Monday, August 29, 2011

Innovation is all about value.

I had the pleasure of telling parts of the NACS/NACS Media Solutions innovation story in two sessions at the ASAE meeting in August.  ASAE is the American Society for Association Executives -- and YES, there IS an association for everything!  Regardless, innovation was a major theme at the conference this year, and one of the interesting aspects of ASAE's approach is the clear definitional link they have between innovation and value.

There is a great blog on innovation excellence that is worth following -- and which will soon be added to our blog roll on the right.  One of the recent posts was about how innovation is all about value.  The posting includes the following quote:
Innovation transforms the useful seeds of invention into solutions valued above every existing alternative – and widely adopted. [...] Often usefulness comes from what a product or service does for you, and value comes from how it does it. If you’re looking to truly deliver innovative products and services into the marketplace, then once you succeed at the designing and developing the ‘what’, don’t forget to also focus on achieving excellence in the ‘how’.

It also talks about innovation as being more than just about ideas -- and as much about thinking of innovation as idea investment opportunities.  Meaning, that to be successful at innovation we must think about innovation as more than just ideas + execution.  Rather, the author argues that innovation is a product of value creation (i.e., new value for stakeholders), value access (ease with which stakeholders can access the innovation), and value translation (helping/educating people on how the innovation adds value to their lives).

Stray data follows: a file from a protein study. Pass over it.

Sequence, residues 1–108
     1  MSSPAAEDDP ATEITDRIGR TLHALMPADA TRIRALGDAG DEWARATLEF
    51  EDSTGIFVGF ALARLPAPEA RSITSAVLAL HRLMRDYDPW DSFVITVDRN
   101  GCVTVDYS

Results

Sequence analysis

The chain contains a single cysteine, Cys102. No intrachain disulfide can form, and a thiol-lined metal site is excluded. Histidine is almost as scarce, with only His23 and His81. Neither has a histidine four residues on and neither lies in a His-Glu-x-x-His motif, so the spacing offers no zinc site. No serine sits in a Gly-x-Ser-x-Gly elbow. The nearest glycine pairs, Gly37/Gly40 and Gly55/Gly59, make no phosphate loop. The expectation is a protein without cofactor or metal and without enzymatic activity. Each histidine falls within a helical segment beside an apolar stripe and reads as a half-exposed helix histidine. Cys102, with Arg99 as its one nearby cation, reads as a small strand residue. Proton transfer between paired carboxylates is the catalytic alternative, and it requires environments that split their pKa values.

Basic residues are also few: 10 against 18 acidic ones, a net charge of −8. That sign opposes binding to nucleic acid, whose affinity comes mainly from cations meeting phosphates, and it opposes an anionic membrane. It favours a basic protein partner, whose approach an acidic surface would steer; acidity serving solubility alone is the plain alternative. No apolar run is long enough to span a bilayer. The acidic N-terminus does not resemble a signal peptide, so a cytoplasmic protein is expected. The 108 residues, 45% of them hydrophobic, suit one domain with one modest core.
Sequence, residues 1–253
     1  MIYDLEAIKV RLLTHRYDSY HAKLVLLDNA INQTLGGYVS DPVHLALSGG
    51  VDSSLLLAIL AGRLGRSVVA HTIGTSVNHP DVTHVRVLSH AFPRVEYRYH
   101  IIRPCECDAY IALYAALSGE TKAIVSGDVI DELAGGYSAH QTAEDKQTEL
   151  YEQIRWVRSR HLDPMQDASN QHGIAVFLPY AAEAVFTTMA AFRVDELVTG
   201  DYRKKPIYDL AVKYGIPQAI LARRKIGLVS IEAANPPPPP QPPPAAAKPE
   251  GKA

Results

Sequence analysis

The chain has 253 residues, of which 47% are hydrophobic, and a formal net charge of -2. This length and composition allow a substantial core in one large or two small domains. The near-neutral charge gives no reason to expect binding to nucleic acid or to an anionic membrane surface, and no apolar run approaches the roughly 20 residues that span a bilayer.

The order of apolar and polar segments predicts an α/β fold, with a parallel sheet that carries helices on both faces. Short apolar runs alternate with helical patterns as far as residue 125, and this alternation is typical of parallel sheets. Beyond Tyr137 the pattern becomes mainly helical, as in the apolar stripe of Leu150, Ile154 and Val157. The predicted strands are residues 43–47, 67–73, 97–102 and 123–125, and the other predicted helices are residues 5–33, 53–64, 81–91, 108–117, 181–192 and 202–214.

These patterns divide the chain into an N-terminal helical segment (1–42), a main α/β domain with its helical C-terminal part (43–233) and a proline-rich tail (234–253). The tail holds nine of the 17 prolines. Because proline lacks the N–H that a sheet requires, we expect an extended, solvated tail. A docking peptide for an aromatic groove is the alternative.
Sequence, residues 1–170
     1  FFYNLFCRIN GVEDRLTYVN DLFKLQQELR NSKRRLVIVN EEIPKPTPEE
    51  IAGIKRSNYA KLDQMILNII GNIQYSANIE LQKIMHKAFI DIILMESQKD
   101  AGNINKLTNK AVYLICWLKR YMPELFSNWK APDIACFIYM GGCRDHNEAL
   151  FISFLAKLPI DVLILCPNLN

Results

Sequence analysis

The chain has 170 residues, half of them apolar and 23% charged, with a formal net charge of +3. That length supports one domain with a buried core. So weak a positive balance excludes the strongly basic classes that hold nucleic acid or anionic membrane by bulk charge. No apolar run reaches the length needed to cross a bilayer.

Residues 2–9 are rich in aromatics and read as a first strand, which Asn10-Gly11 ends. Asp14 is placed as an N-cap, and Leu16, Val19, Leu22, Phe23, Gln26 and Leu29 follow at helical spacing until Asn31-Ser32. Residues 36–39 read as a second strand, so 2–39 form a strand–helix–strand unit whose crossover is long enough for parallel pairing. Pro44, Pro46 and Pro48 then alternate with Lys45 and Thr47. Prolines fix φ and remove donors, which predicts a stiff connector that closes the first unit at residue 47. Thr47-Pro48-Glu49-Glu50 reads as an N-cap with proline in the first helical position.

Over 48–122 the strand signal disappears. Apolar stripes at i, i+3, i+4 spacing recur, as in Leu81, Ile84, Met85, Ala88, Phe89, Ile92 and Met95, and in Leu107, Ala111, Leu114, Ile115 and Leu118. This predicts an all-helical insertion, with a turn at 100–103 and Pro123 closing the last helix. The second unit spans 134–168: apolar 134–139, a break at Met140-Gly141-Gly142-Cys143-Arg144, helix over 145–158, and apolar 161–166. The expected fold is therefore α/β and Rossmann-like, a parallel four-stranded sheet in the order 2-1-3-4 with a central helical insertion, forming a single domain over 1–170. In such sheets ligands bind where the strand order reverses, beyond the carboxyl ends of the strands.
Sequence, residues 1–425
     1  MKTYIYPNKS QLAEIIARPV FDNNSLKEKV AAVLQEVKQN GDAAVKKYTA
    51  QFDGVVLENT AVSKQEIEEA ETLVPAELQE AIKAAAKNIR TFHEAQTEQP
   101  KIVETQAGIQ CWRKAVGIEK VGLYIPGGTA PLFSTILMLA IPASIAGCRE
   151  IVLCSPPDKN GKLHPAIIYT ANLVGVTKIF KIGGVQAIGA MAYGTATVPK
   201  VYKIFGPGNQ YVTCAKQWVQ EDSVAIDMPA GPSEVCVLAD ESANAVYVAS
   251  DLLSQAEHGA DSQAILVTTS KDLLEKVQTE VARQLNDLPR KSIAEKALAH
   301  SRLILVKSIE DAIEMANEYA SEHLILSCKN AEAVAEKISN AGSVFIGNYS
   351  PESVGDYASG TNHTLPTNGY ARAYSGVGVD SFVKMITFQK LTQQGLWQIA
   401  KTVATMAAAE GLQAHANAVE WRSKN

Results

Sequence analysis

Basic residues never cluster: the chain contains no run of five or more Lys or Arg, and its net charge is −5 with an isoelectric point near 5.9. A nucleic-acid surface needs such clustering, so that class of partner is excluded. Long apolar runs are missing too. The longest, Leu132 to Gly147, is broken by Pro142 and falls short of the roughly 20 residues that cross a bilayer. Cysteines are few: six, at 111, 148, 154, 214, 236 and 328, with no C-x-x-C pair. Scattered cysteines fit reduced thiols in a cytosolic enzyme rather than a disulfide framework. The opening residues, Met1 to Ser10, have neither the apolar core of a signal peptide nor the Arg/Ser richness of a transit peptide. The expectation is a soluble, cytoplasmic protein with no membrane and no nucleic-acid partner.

These aspects of innovation and value have real significance for those of us in the course materials market and can help explain some of the reason why digital course materials have had difficulty in the marketplace.  Things like DRM and a lack of standards for access among content make digital course materials less accessible.  We have also seen that digital course materials require greater consumer education than the traditional format of a book.  We all know how to use a printed textbook more or less, but we have found that digital course materials require more education for consumers, and that when that education occurs, the willingness of students to buy digital course materials increases.

One last piece on this blog post -- a comment from a colleague who is one of the more innovative store managers out there.  He wrote:
Very interesting read. Takes what is typically an intangible concept and adds a practicality that reaches beyond simple "execution" towards excellence and success. It reminded me of the concept of creating a need or market where it doesn't exist yet. One approach is to poll customers and give them what they want, but this is the challenge of identifying (through innovation) something your customers don't yet know they need. This sometimes requires mind reading, but is really about knowing your customer - who they are and how they live, not just what they want. In training & education, this is the "I don't know what I don't know."
I could not have said it better.

No comments:

Post a Comment